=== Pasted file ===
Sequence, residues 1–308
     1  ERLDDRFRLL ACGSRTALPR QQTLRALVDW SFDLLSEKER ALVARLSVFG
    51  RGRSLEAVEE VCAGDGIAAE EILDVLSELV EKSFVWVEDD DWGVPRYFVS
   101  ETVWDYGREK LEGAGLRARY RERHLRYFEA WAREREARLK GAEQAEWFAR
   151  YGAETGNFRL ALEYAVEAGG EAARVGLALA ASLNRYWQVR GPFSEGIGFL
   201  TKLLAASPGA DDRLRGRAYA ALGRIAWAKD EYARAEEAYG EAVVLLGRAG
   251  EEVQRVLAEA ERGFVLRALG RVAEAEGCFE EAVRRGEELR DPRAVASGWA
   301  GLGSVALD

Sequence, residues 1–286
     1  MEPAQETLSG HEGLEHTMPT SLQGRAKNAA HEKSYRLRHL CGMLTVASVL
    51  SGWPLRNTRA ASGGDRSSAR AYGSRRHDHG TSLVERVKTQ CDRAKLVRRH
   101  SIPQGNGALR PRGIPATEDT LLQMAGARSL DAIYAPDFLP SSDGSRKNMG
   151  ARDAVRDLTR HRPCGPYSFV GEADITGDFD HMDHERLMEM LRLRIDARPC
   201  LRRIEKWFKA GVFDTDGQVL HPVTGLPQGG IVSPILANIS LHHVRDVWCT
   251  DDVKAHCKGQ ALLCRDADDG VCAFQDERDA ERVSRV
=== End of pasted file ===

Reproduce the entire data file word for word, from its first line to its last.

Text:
Sequence, residues 1–308
     1  ERLDDRFRLL ACGSRTALPR QQTLRALVDW SFDLLSEKER ALVARLSVFG
    51  RGRSLEAVEE VCAGDGIAAE EILDVLSELV EKSFVWVEDD DWGVPRYFVS
   101  ETVWDYGREK LEGAGLRARY RERHLRYFEA WAREREARLK GAEQAEWFAR
   151  YGAETGNFRL ALEYAVEAGG EAARVGLALA ASLNRYWQVR GPFSEGIGFL
   201  TKLLAASPGA DDRLRGRAYA ALGRIAWAKD EYARAEEAYG EAVVLLGRAG
   251  EEVQRVLAEA ERGFVLRALG RVAEAEGCFE EAVRRGEELR DPRAVASGWA
   301  GLGSVALD

Sequence, residues 1–286
     1  MEPAQETLSG HEGLEHTMPT SLQGRAKNAA HEKSYRLRHL CGMLTVASVL
    51  SGWPLRNTRA ASGGDRSSAR AYGSRRHDHG TSLVERVKTQ CDRAKLVRRH
   101  SIPQGNGALR PRGIPATEDT LLQMAGARSL DAIYAPDFLP SSDGSRKNMG
   151  ARDAVRDLTR HRPCGPYSFV GEADITGDFD HMDHERLMEM LRLRIDARPC
   201  LRRIEKWFKA GVFDTDGQVL HPVTGLPQGG IVSPILANIS LHHVRDVWCT
   251  DDVKAHCKGQ ALLCRDADDG VCAFQDERDA ERVSRV